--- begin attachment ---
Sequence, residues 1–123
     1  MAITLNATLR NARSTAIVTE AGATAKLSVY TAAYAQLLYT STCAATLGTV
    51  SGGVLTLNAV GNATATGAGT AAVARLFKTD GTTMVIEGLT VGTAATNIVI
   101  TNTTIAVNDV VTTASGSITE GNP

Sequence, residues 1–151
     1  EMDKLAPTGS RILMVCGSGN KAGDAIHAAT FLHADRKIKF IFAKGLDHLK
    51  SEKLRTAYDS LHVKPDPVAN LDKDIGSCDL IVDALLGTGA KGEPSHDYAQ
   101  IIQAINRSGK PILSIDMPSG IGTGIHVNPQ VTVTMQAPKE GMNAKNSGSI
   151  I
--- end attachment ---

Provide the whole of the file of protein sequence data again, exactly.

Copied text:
Sequence, residues 1–123
     1  MAITLNATLR NARSTAIVTE AGATAKLSVY TAAYAQLLYT STCAATLGTV
    51  SGGVLTLNAV GNATATGAGT AAVARLFKTD GTTMVIEGLT VGTAATNIVI
   101  TNTTIAVNDV VTTASGSITE GNP

Sequence, residues 1–151
     1  EMDKLAPTGS RILMVCGSGN KAGDAIHAAT FLHADRKIKF IFAKGLDHLK
    51  SEKLRTAYDS LHVKPDPVAN LDKDIGSCDL IVDALLGTGA KGEPSHDYAQ
   101  IIQAINRSGK PILSIDMPSG IGTGIHVNPQ VTVTMQAPKE GMNAKNSGSI
   151  I